Is there hope with my own eggs using the estrogen priming protocol or is it truly time to consider donor eggs?

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There is no universal “best” protocol.  However, there may be a best one for you.

You can run a natural start cycle, which simply means that you come in at the beginning of your menstrual cycle, say on day 3, and if there are no cysts, you start taking stimulating medication.

This simple approach is appealing because it is, well, simple.  But there is a catch: it is quite likely that egg growth will be scattered across a variety of maturity levels.  ”Scattered” maturation makes the ideal timing of egg retrieval difficult, and the cycle might suffer as a result.

To keep some eggs from developing too quickly, we like to suppress the ovaries before stimulation. Suppression also makes scheduling treatments easier for our clinic and our patients.  Too many retrievals on the same day would compromise pregnancy rates for everyone.

The longest, deepest suppression is done with the long protocol.  It is, as the name suggests, the longest of the protocols: several weeks on the birth control pill in most cases, overlapping with a GnRH Agonist (Lupron, Suprefact, or Synarel) which is even more suppressive.  By the time you are done with this pre-treatment, your ovaries should be well-and-truly suppressed.

But there is the risk of going too far.  When your ovaries are over-suppressed, the stimulating medications simply will not work.  This means your estrogen starts off low – sometimes less than 50 pmol/l – and never climbs above 200 despite day after day of stimulation.  This happens only about 5% of the time.

So why use the long protocol?  Because when the long protocol works, we get the best pregnancy rates.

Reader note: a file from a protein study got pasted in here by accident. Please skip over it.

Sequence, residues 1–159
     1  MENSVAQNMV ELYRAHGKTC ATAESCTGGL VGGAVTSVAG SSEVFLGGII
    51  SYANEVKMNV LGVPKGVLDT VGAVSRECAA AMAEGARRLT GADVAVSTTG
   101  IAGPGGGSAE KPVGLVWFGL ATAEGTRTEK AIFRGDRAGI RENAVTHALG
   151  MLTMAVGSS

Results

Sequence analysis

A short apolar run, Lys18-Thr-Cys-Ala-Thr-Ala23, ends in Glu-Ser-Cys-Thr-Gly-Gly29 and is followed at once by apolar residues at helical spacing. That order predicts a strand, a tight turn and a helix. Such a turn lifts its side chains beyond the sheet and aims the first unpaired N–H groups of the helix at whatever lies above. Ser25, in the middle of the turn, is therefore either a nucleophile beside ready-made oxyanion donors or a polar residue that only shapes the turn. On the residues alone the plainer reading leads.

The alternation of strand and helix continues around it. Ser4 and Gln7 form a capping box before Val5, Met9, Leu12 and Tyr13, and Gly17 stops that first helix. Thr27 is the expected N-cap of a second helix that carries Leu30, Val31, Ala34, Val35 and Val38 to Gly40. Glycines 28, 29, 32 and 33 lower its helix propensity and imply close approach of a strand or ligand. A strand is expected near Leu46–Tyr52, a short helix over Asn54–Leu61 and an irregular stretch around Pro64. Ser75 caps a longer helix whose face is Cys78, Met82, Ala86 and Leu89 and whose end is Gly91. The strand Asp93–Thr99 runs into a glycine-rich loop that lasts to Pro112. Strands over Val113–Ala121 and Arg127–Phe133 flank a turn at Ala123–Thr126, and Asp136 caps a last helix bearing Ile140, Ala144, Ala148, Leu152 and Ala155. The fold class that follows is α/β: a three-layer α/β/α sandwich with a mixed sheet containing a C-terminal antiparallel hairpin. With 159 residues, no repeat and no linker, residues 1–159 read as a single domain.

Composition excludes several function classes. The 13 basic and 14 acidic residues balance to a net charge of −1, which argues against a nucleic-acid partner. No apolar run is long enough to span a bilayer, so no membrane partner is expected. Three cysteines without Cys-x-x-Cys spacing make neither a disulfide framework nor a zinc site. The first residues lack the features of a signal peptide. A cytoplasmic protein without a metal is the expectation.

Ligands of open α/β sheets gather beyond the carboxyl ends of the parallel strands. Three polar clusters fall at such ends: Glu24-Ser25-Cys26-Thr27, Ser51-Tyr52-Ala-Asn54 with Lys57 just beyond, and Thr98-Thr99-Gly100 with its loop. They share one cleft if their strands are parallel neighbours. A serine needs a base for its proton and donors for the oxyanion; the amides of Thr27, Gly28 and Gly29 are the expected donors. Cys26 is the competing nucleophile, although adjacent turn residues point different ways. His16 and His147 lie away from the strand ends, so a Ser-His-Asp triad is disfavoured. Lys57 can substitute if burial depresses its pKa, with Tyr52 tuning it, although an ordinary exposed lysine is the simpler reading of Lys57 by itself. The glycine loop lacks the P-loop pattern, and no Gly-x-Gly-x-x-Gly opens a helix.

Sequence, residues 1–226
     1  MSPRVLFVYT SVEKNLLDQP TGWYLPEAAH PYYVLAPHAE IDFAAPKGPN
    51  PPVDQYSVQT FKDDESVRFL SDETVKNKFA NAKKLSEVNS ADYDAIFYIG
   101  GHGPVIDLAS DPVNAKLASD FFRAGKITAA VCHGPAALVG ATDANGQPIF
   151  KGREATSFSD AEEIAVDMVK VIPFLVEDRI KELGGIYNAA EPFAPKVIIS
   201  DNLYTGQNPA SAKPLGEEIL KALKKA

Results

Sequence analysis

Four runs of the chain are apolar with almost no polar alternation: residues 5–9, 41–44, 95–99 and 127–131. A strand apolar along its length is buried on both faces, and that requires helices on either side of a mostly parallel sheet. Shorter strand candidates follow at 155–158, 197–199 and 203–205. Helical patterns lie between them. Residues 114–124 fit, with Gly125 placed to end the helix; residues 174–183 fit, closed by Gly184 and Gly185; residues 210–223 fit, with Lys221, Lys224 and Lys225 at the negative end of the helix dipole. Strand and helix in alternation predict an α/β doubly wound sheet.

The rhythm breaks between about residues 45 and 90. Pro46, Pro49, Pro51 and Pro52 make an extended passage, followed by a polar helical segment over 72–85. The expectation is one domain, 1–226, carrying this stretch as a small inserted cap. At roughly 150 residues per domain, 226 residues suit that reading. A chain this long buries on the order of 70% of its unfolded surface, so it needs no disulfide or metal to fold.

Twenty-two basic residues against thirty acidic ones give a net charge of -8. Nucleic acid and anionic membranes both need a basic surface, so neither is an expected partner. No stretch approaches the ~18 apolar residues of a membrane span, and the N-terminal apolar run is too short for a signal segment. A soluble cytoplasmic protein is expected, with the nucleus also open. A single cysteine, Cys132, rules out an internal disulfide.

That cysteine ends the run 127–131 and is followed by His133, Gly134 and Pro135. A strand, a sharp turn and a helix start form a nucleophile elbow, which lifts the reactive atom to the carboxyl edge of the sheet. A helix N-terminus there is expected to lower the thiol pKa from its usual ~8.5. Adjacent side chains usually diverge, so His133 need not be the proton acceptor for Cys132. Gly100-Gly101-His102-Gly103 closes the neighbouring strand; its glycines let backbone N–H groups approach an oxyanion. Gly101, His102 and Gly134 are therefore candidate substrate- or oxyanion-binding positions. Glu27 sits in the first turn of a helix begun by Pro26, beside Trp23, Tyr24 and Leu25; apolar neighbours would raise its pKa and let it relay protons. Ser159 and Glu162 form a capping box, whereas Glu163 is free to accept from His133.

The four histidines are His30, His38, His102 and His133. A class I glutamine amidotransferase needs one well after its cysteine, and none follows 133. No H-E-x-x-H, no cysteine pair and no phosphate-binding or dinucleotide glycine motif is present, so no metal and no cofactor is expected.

The long protocol isn’t the right choice for everyone.

If a woman has a low BMI (less than 21) or other reasons to suspect sensitivity to suppression, we usually opt for an OCP-antagonist protocol.  In this case, we use the birth control pill (aka oral contraceptive pill or OCP) for a bit of suppression, then once the cycle starts, use a GnRH Antagonist (like Orgalutran or Cetrotide) to prevent ovulation.  I like OCP-antagonist cycles, and have had a lot of success with them recently.  It is a more pleasant protocol for patients, with fewer injections and side effects.

The challenge with using a birth control pill, for some women, is that even a low dose pill (Alesse, Yasmin) for a short period (2 weeks) is too suppressive.  Natural start is one solution, but if the woman’s natural estrogen levels are not very high in the luteal phase, her FSH levels will drift up and…the ovaries will start to stimulate too early and egg growth scattering results.  In these select cases, we can use estrogen-priming, in which an estrogen patch (0.1 q2d) or Estrace tablets (8mg daily) are used starting about day 21 in the cycle before stimulation.  Estrogen priming is very successful in bringing down FSH levels, of real benefit to women of borderline ovarian reserve, and we have seen successful stimulations where none were possible before.

The catch (there is always a catch) is that estrogen primed cycles take a long time before we can see if they are going to work…..when we have to cancel them, it is usually quite late into a stimulation.

Estrogen priming is usually matched with an antagonist to prevent ovulation.  But there is one more protocol to consider: a flare cycle.  A flare cycle may involve OCP or estrogen-only pretreatment, but the key is that a GnRH agonist (Lupron, Suprefact, or Synarel) will be started at exactly the same time as the stimulating medication.  The result is invariably rapid egg development.  A flare protocol is the most “raw” of the protocols, sometime yielding difficult-to-interpret results.  But we do use it in select circumstances.

Yes, there can always be hope. But that hope should be balanced with the reality that donor egg cycles will provide much higher success rates, for many clinics in the 50 to 60 percent range, and in some clinics, even higher.

The choice then becomes highly personal for you, as you weigh the relative odds of success against personal desires for a biological child. Your final answer will be highly personal, and I strongly recommend counselling as you consider your options.

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